Embracing Renewable Energy in the U.S.: Following Iceland's Lead

The Icelandic countryside photographed just outside of Hverageroi (The Flower Town)

By Marisa Sashti

335,000 people. 40,000 square miles. 170 geothermal pools. Combined, these numbers comprise Iceland, a country that is much more than the barren lands filled with frozen water many Americans imagine. About the size of Kentucky, Iceland is shaped by a unique landscape of glaciers and volcanoes - hence its nickname, the land of ice and fire - and it is the only country in the world that generates 100 percent of its energy through renewable and sustainable initiatives - a goal the U.S. lags far behind on. Harnessing the heat from the Earth's inner core, Iceland is able to heat 99 percent of its homes, making geothermal energy the nation's secret to energy conservation. In addition, the Icelandic peoples' mentality around conservation -- highlighted by the country's extensive national park system -- positions the country as one of the foremost leaders in the green energy revolution.

In March 2016, students from around the world traveled to Iceland with EF Education First to participate in this year's Global Student Leader Summit and witness Iceland's innovations across the country's varied landscape. In the Southern city of Vík, waterfalls roared as they harness hydroelectricity. Even further south in Hella, a geothermal greenhouse provides heat to grow fresh tomatoes. Iceland has become an expert in the practical use of their natural resources -- each year, the nation generates about 7,100 megawatts from hydropower and 2,000 gigawatt hours from geothermal implementation.

Ryan, a sophomore from Arlington, Virginia, was in awe at the natural wonders. "I love that all the Icelanders here have such a sense of pride, because of their ability to use renewable energy," he said. "To be honest, I think I would too if my country was completely sustainable."

Elin Perla Stefansdottir, a college student in Reykjavík, commented on her country's stability by referencing a motto that Icelanders live by: "Society without waste."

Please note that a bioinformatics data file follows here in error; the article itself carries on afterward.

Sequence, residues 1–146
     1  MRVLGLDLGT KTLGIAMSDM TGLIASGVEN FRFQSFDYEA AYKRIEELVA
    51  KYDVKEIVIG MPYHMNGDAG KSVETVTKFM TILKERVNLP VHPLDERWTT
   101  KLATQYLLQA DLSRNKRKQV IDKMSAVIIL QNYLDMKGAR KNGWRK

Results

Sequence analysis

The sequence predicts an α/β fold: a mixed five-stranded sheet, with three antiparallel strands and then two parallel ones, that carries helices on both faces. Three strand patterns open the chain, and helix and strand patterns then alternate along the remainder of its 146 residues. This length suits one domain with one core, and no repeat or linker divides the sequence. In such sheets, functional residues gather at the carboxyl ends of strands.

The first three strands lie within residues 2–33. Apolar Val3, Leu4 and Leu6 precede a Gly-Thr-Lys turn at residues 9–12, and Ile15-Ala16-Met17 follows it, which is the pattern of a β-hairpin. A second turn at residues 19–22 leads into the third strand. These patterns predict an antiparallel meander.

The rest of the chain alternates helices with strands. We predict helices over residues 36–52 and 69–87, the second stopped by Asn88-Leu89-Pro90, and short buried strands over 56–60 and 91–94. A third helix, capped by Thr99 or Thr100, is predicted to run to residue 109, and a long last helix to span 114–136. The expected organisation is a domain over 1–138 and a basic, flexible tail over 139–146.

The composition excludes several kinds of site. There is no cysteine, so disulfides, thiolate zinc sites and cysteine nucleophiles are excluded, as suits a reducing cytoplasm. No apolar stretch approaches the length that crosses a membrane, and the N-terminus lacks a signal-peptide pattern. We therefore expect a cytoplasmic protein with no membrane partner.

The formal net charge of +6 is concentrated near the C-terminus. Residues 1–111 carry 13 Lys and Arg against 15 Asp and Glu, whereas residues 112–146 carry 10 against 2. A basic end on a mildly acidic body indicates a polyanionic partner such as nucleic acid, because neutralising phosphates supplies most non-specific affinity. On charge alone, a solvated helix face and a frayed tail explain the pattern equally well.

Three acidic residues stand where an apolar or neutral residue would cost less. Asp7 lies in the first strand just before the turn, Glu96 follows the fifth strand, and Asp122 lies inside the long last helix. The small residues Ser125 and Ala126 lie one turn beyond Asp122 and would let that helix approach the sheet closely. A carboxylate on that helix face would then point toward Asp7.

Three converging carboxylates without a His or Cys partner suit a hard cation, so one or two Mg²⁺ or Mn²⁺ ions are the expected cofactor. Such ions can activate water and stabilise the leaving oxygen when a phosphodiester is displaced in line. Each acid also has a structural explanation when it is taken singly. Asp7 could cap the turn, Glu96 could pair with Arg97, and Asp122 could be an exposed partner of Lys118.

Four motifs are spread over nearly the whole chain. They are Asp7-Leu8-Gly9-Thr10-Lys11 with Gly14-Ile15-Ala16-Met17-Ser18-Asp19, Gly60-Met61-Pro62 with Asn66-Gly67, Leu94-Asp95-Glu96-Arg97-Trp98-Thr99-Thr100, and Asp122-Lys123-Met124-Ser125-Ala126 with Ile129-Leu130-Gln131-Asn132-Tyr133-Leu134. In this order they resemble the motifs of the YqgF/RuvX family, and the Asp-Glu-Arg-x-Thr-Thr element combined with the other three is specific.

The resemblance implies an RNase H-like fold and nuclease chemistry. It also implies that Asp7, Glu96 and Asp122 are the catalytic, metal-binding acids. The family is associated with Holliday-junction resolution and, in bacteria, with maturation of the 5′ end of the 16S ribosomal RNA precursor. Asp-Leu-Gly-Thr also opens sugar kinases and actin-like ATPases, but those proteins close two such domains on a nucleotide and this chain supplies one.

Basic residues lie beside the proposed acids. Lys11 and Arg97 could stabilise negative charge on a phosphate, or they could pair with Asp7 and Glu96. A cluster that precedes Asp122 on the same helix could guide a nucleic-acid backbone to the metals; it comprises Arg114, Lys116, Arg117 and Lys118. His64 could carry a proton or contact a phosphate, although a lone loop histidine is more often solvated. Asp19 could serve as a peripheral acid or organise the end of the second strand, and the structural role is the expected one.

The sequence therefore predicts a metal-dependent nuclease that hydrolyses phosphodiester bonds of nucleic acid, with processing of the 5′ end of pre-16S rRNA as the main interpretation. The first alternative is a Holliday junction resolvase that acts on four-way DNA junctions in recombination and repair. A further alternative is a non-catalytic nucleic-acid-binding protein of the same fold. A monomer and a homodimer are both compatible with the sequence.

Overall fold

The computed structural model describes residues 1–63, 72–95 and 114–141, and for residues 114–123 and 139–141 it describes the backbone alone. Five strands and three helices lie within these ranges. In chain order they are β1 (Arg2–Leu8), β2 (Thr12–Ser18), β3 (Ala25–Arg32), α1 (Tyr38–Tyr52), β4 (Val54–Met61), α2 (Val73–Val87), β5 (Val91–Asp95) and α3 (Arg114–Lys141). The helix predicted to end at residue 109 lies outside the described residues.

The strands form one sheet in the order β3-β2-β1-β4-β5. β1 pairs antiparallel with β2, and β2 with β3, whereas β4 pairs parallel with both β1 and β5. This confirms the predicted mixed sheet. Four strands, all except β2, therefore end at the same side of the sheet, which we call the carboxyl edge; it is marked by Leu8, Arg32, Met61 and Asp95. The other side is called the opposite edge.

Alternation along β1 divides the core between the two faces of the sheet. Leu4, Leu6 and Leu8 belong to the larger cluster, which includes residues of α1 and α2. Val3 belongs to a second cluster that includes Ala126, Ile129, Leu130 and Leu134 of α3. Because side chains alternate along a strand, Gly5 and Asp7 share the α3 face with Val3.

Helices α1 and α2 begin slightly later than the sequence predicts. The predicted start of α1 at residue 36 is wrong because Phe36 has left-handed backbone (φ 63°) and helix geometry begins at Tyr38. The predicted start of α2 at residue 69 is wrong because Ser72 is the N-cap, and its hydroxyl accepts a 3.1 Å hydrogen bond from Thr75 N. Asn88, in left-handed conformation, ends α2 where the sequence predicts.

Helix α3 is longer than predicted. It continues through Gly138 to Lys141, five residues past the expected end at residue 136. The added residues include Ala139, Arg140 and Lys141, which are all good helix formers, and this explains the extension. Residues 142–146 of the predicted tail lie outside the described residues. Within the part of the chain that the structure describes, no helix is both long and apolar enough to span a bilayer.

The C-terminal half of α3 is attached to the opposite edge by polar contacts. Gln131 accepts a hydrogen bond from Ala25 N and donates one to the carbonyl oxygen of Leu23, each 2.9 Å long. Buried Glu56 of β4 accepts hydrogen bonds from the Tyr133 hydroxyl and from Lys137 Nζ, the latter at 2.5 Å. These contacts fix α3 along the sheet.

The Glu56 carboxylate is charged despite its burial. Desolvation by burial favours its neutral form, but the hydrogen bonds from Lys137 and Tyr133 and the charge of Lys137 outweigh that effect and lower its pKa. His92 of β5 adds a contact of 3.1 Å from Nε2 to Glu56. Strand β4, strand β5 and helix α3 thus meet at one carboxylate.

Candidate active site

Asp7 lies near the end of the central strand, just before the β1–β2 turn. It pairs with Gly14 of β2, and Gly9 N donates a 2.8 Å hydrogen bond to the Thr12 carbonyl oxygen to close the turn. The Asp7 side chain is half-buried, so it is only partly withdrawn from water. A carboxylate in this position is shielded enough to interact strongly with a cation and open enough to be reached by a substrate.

"Energy is really important, and limited, and we have to use it wisely," she added. This essential perspective changes the conversation from questioning whether and when a resource will run out to understanding a single resource's impact on the individual, the community, and the Earth as a whole.

"I've never seen a country that has such respect for the natural environment," said Nisha, a high school junior student from Virginia.

But how can the U.S. use Iceland as a model? Speakers at the Summit spoke about exactly that. In one talk, Icelandic President Ólafur Ragnar Grissom highlighted the country's independence from fossil fuels, and pointed out that even Mozambique and Paraguay score higher in terms of renewable energy than the United States. "If they're ahead, why can America not do better?" he joked.

That isn't beyond the realm of possibility for the U.S. Grissom went on to say that if the United States were to harness all of its geothermal power capabilities, it would produce two times the amount of energy that Americans already use.

Grissom's talk shed light on the U.S.'s need to further energy efficiency efforts. As of 2013, 90.5 percent of our country's energy came from fossil fuels, while only 9.52 percent came from renewable energy. Although the U.S. does not currently harness geothermal energy efficiently enough to merit its use, the potential is apparent. The geysers in California host the largest grouping of geothermal power plants in the world. And it doesn't stop with California's geysers - the U.S. boasts several other untapped sources of renewables, should they decide to confront climate change through renewable energy sources, including regions with great wind power and solar potential.

But this change will not come easily. First, Americans must accept the consequences of fossil fuel use and change, much in the way Iceland was once forced to. After witnessing the effects of coal mining on their communities, Icelanders took it upon themselves to convert their way of life. Grissom spoke of his own teenage years, a time when his country was 80 percent dependent on foreign oil. Just one generation later, the country has made a whole-hearted shift towards renewables.

With the recent Paris COP21 climate talks, the world is clearly beginning to understand the urgency in addressing climate change. As a teenager, people my age can also play a role in a sustainable energy future. Not only do we have the time and ability to make a change -- our future depends on it.

For now, we could begin by taking a few hints from a country that has already made its mark -- or rather, that hasn't left a trace at all.

Marisa Sashti is a high school junior from Tennessee

This post is part of a series produced by The Huffington Post and EF Educational Tours about the recent EF Global Student Leaders Summit, which explored the future of energy from Iceland. The Summit Series combines educational travel with a two-day leadership conference, and asks students to tackle global challenges in places where those challenges are notably present or well-addressed. To view all posts in the series, visit here.